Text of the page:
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Roadside ignition was source of Springs Fire: Officials

David Mcnew / Getty Images

Firefighters battle a growing wildfire that reached the beaches in Ventura County and pushes its way toward the upscale city of Malibu.

An undetermined roadside ignition in grass and debris off the Ventura Freeway in Southern California sparked the Springs Fire, officials said on Sunday.

Officials are calling it an "undetermined roadside ignition of grass and debris" that started the region's largest wildfire so far this year that scorched nearly 44 acres along the Ventura and Los Angeles county lines.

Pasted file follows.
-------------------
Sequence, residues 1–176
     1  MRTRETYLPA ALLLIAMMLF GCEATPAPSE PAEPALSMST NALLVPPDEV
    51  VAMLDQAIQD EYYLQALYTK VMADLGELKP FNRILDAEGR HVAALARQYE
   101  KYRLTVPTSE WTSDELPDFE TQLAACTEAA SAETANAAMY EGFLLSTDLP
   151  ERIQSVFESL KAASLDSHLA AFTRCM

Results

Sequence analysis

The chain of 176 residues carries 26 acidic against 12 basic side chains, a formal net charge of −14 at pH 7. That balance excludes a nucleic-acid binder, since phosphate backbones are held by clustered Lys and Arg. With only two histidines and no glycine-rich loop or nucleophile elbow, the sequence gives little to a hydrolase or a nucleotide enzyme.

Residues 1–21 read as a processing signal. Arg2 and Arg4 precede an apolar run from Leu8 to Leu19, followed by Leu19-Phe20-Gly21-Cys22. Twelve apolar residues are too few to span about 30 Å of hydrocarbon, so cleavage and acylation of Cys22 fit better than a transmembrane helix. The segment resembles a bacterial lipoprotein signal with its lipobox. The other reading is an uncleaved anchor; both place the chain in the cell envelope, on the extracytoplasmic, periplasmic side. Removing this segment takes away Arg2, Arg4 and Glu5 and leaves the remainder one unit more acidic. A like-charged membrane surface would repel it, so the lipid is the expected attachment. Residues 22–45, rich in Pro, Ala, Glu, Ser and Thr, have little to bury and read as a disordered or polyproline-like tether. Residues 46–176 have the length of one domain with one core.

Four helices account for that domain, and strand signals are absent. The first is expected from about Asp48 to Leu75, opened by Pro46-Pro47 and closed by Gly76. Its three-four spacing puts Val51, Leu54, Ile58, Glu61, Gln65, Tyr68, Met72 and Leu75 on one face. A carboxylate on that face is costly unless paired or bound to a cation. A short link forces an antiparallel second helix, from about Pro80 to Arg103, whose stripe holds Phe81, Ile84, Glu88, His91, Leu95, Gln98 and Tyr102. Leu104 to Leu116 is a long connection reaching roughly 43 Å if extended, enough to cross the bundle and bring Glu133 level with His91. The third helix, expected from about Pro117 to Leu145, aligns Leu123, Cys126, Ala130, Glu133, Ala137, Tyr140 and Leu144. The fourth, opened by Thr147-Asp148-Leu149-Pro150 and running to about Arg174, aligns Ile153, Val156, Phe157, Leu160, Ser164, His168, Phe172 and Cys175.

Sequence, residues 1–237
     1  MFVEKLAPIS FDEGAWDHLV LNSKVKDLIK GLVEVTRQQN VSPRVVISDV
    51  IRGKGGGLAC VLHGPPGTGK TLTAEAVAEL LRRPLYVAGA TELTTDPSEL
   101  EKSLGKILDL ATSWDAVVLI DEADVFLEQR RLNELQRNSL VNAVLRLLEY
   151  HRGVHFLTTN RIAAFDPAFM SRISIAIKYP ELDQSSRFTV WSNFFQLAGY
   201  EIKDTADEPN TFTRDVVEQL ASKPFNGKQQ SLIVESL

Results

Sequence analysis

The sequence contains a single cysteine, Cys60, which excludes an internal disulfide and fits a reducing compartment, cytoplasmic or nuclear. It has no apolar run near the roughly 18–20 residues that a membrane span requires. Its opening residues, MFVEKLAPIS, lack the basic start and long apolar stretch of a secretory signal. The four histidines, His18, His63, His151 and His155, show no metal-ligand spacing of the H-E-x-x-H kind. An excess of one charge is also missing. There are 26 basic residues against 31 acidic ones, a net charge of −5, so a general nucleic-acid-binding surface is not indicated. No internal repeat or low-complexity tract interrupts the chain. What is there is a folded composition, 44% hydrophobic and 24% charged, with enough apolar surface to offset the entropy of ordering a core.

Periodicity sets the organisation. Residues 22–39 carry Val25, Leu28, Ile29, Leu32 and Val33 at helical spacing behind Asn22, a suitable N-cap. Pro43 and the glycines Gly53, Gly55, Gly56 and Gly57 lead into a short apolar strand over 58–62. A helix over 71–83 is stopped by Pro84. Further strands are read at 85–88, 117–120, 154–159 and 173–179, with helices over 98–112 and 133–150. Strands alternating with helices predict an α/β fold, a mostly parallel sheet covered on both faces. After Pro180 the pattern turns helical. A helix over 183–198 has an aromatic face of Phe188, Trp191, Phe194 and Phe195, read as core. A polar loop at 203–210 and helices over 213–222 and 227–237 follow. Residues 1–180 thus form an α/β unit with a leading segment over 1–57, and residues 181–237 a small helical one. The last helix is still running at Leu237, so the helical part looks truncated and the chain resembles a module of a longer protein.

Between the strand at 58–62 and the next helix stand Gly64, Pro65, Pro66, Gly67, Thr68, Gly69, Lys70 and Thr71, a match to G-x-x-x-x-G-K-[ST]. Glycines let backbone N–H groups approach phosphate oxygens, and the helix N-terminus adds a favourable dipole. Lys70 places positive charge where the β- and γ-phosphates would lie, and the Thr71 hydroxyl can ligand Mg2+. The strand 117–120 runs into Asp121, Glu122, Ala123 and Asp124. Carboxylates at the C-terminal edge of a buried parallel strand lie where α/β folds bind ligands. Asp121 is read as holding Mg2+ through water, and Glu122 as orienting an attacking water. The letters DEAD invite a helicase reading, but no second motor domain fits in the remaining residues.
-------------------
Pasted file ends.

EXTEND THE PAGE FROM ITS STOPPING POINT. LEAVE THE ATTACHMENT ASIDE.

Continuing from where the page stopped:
Now that firefighters have the Springs Fire nearly under control after three days fighting in steep, rugged and rocky terrain, the focus of the blaze turns to a grassy area off the Ventura Freeway in the Conejo Grade where the fire was sparked on Thursday.

Full coverage from NBCLA: Southern California Wildfires

The fire began off the southbound side of the Ventura Freeway at Camarillo Springs Road. The fire quickly spread to over 28,000 acres of the Santa Monica Mountains in near triple-digit heat and low humidity.

Some 15 homes and several recreational vehicles were damaged and several communities in the path were evacuated. No injuries were reported and no one died.

The fire prompted a massive mutual-aid response from agencies across the state.

At one point, 9,000 firefighters — assisted by water-dropping and fire-retardant dropping planes and helicopters — attacked the flames.

The fire was 60 percent contained on Sunday, officials said.